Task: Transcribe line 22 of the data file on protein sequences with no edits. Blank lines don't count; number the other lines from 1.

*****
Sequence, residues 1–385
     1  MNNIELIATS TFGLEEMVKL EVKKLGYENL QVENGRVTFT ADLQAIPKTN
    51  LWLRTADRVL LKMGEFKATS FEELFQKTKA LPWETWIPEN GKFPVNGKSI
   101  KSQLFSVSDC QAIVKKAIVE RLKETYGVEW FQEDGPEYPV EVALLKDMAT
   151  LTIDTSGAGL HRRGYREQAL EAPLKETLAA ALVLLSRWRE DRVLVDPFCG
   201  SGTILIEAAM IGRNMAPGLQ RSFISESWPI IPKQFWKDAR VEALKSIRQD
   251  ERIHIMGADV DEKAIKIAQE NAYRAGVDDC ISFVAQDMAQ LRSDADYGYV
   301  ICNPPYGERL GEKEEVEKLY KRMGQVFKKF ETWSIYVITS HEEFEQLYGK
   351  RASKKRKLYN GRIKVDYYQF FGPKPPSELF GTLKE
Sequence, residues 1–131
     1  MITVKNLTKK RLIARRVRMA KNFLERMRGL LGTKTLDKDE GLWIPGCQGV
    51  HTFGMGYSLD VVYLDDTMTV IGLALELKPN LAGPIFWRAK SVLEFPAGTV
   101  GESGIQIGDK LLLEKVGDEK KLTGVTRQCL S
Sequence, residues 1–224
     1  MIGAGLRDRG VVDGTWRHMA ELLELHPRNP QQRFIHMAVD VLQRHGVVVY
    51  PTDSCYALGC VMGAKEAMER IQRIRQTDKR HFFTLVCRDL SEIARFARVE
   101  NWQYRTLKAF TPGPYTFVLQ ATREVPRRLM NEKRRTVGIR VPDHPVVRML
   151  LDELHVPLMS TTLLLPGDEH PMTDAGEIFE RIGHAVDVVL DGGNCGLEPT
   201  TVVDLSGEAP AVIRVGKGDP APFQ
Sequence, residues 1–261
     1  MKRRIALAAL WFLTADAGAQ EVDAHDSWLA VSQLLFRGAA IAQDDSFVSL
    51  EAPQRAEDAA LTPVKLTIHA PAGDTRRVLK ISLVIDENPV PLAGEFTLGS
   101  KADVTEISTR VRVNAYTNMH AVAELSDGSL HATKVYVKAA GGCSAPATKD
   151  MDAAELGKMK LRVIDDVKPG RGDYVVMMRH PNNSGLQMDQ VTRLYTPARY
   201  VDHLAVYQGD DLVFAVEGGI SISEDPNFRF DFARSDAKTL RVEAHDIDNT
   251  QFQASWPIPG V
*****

    51  EAPQRAEDAA LTPVKLTIHA PAGDTRRVLK ISLVIDENPV PLAGEFTLGS